In 2014, I came across reference to a document within the CIA’s holding, that referenced an alleged incident which occurred in 1966. This was subsequently investigated by the Central Intelligence Agency and their office of the Inspector General (CIA/IG).
According to a declassified report, released to The Black Vault in July of 2015:
The following information is being entered by Investigator ___________. ______ wrote to the Director, FBI on January 2, 1998 and Sen. Phil Gramm, Texas on Feb 2, 1998. Claims an unnamed subsource is aware of an incident in 1966 where the CIA and U.S. military forces committed a friendly fire mass murder of U.S. soldiers to conceal evidence of war crimes in which VietCong prisoners were used for biological experiments and then murdered.
After requesting the official CIA Inspector General’s report, the entire investigation was denied to me, and it was said to be classified in it’s entirety. I filed an FOIA appeal, which fought for the release of some portion of the document. After months of waiting, I was surprised that they reconsidered their decision, and released a couple pages to me.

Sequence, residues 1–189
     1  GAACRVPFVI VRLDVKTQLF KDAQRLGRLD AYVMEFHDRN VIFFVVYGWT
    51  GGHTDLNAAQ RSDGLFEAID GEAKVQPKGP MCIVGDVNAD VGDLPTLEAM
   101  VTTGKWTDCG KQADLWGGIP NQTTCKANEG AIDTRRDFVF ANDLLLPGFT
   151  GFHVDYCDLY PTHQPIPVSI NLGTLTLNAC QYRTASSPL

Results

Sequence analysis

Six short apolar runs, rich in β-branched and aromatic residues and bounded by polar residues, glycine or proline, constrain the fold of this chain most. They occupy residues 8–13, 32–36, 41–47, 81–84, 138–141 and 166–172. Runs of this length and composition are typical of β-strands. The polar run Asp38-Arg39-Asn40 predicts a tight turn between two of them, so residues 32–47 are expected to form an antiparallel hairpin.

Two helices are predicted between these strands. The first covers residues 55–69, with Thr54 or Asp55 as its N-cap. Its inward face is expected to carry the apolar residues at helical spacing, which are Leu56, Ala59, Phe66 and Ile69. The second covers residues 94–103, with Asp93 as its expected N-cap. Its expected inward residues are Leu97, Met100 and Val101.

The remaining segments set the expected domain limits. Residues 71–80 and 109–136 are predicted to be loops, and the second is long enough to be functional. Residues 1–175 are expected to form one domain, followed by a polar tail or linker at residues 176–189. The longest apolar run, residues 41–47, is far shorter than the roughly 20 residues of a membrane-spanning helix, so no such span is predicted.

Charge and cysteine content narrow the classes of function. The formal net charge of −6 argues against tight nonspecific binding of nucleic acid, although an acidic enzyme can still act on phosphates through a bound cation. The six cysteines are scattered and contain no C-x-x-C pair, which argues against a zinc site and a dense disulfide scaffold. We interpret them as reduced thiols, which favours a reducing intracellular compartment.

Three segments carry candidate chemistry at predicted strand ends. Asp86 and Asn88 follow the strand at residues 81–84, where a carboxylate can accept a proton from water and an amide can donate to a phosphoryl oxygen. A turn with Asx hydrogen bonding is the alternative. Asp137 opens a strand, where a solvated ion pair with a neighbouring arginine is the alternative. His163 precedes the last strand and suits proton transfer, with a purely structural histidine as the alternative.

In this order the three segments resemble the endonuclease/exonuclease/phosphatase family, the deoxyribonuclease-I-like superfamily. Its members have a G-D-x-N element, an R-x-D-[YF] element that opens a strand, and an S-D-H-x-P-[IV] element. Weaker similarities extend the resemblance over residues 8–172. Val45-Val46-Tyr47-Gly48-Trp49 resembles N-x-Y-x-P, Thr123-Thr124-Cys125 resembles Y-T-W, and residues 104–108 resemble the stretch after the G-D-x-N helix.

Although this is not the final report, or evidence from the investigation, it did state they concluded that the claims were unwarranted and unfounded, and there was no evidence to support anything happened like the ‘source’ had claimed.
My question is, if the information was false and there was nothing the story — why was the entire batch of documents found (it is unknown how much) including the CIA/IGs final report – classified?
Download the Declassified Records (After FOIA Appeal)
Investigation Case Record, Declassified July 2015 [5 Pages, 0.6 MB]